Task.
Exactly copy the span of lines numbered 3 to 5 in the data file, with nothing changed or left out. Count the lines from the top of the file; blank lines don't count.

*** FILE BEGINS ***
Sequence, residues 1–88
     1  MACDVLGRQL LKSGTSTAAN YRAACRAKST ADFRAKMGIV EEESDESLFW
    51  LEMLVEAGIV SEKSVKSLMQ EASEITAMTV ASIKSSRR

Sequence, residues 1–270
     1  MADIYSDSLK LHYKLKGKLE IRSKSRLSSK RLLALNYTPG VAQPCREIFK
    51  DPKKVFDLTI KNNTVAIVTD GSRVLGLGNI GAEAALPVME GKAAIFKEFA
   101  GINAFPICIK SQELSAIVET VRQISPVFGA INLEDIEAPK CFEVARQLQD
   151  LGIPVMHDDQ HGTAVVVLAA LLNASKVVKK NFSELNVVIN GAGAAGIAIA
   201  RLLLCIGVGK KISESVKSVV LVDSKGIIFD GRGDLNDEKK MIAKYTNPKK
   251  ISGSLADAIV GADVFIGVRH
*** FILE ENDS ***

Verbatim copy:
    51  LEMLVEAGIV SEKSVKSLMQ EASEITAMTV ASIKSSRR

Sequence, residues 1–270
     1  MADIYSDSLK LHYKLKGKLE IRSKSRLSSK RLLALNYTPG VAQPCREIFK